Automating Debian installation using preseeding
In a previous post I went over automating a CentOS installation using a kickstart file. This post is going to look at a similar technique called preseeding which can be used to do the same thing for Debian based distributions.
Note: like the previous CentOS example, the example given in this post is a VM being run under VirtualBox.
Creating a preseed file
One way to generate a preseed file is using the
debconf-get-selections command. First make sure the
debconf-utils package is installed:
apt-get install debconf-utils
Then create a new preseed file:
echo "#_preseed_V1" > preseed.cfg debconf-get-selections --installer >> preseed.cfg debconf-get-selections >> preseed.cfg
Although you can make a preseed file this way the resulting file will still need manual intervention. Generally it's a better idea to start with the example configuration provided by Debian:
wget -O preseed.cfg https://www.debian.org/releases/squeeze/example-preseed.txt
Although the example configuration is a good starting point, there are several changes I had to make before the installation was completely automated. You will likely want to make different changes, however feel free to refer to the preseed config used in this post.
Locale and keyboard layout
Set the locale and keyboard layout to match your location:
d-i debian-installer/locale string en_GB.UTF-8 d-i console-keymaps-at/keymap select gb d-i keyboard-configuration/xkb-keymap select gb
Update the mirror URL to a suitable mirror
d-i mirror/http/hostname string ftp.uk.debian.org
Note: a full list of mirrors can be found on debian.org.
For the sake of simplicity this post is just going to create a
and skip creating a non root user. This can be done with the following
d-i passwd/make-user boolean false d-i passwd/root-password password example d-i passwd/root-password-again password example
Note: use the
passwd/root-password-crypted option and a password hash
instead of a clear text password if you're planning to keep the VM.
Set a suitable timezone:
d-i time/zone string Europe/London
Note: Wikipedia has a list of tz database time zones:
Disk configuration and Grub
For this post the following config was used to partition the VM's disk:
d-i partman-auto/init_automatically_partition select biggest_free d-i partman-auto/disk string /dev/sda d-i partman-auto/method string regular
Grub also needs to be installed on the disk, this can be done with the following config:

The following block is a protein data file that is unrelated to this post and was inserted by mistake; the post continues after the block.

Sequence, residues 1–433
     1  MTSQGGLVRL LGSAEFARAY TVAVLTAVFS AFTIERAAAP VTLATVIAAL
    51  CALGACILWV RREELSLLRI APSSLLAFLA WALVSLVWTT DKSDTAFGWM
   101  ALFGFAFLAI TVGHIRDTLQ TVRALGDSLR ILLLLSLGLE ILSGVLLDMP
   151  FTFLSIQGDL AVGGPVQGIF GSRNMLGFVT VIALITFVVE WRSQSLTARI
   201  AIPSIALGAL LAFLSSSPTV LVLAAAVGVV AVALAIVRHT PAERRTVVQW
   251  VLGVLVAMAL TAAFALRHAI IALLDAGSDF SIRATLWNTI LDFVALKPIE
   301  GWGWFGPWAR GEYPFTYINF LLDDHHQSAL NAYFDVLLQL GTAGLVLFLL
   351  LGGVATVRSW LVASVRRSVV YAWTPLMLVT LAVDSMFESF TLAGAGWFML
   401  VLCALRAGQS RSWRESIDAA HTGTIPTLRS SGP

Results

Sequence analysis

# This is fairly safe to set, it makes grub install automatically to the MBR # if no other operating system is detected on the machine. d-i grub-installer/only_debian boolean true # Due notably to potential USB sticks, the location of the MBR can not be # determined safely in general, so this needs to be specified: d-i grub-installer/bootdev string /dev/sda
Make sure the apt mirror is enabled, and select which packaged groups you want to install:
d-i apt-setup/use_mirror boolean true tasksel tasksel/first multiselect standard
Additional packages can also be installed if required:
d-i pkgsel/include string curl
Debian popularity contest
Finally choose if you want to contribute statistics to the Debian popularity contest:
popularity-contest popularity-contest/participate boolean false
Remove the CD from apt
Before restarting the VM, make sure the cdrom repo is not configured in
d-i preseed/late_command string sed -i '/^deb cdrom:/d' /target/etc/apt/sources.list
Note: the partitioned disk is mounted under
/target/ during installation.
There are a few ways you can get the preseed file to the VM being build. For this post the file is going to be served over HTTP:
$ python -m http.server 80 Serving HTTP on 0.0.0.0 port 80 (http://0.0.0.0:80/) ...
Once a temporary web server is running to serve the preseed config, boot the VM from a Debian ISO. Press Tab to edit the boot arguments and add the following:
hostname=preseed domain=localhost auto=true url=http://192.168.56.1/preseed.cfg
The Grub menu should now look similar to the following:
From here you should be able to hit Enter to start the installation. If everything goes well you should be able to make a cup of tea can come back to a completed Debian installation.